Why Republicans say Democrats have made a mess of California
It’s no secret that the 2018 election did not go well for California Republicans. With only 20 seats in the state Assembly, 11 seats in the state Senate, and 7 Republicans in our state’s Congressional delegation, Republicans have our work cut out to regain trust from the California electorate.
California is facing real challenges to our future prosperity and we can no longer bury our head in the sand. To name three examples:
Our education system still does not focus enough attention and resources on workforce-ready, career-oriented education – despite the widening “skills gap” in our economy
The cost of living in our state continues to escalate, yet policymakers often seem blind to the effects of state policy on affordability
We have an aging infrastructure that needs smart modernization befitting our state’s position as a global leader in technology
Arguably, there has never been a better time to get certified in plumbing, welding, or pipefitting – just to name a few examples. Over the next decade, millions of baby boomers will retire from the skilled trades, widening the “skills gap” even further. Sustained investment in career technical education will unlock enormous potential in our state’s future workers and our economy.
California has the fifth largest economy in the world. Unemployment is at a record low. But these statistics mask the fact that the cost of living in our state continues to outpace wage and salary growth. That’s why it’s critically important for state policymakers to consider the economic impacts of our policies on working families.
Take environmental policy. California’s environment is one of its greatest assets, providing residents and visitors with access to beautiful beaches, stunning national parks and world-class outdoor recreation. We are a global leader in climate change policy and we must continue to protect our natural resources and safeguard the environment.
But we must do this in a way that also protects ordinary Californians from escalating costs. Our environmental policies should provide fiscal safeguards in case of economic downturns and encourage innovation by being “technology-neutral” rather than cherry-picking certain forms of alternative energy production over others.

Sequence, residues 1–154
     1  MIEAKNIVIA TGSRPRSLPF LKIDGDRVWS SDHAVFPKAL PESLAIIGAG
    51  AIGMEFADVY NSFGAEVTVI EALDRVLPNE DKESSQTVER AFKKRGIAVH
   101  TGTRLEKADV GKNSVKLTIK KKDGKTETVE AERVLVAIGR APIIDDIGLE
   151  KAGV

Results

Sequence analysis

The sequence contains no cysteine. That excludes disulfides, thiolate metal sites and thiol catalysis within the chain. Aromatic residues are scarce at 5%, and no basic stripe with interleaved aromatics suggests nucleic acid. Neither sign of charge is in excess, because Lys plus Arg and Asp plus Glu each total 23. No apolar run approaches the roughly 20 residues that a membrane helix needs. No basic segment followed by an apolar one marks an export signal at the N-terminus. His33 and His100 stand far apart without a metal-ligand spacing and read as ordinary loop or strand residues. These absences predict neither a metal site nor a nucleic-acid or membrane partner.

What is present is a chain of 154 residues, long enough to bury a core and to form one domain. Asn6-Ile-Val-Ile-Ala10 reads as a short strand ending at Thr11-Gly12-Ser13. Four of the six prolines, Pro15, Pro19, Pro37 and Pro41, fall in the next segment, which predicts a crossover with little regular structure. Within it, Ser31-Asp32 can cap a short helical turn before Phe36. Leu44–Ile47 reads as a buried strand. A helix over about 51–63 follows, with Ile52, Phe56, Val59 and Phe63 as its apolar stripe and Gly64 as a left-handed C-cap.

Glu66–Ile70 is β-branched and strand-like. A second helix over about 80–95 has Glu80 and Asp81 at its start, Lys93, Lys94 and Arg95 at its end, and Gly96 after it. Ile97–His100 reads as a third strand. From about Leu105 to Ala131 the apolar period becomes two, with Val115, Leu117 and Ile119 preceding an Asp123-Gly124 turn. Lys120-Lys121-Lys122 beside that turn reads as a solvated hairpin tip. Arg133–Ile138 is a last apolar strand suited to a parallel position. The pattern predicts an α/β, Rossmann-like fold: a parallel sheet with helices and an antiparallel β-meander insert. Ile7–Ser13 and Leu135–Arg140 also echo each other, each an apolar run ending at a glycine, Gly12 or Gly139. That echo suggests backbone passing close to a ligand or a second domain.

We also need to modernize our state’s infrastructure in an intelligent and fiscally-responsible way. Fifty years ago, Governor Pat Brown led California into the future with forward-thinking projects like the highway system, higher education master plan, and the California Water Project. Today, we should be exploring infrastructure projects that harness our unequaled technological prowess and hand the baton to future generations.
High speed rail is 20th century technology. We should be exploring 21st century technology, which could include transportation infrastructure to prepare for the revolution in driverless cars, vehicle electrification and even the Hyperloop. Other major infrastructure needs to include a resilient power grid, access to broadband internet, and state-of-the-art water recycling, production, storage and conveyance.
As elected representatives, Republicans have an obligation to engage on these issues, find solutions, and offer our voice and ideas to the process of shaping Californians future. Californians deserve nothing less. After all, “good policy makes good politics.”
Assemblyman Jordan Cunningham (R-San Luis Obispo) represents California’s 35th Assembly District.
Assemblyman Chad Mayes (R-Yucca Valley) represents California’s 42nd Assembly District.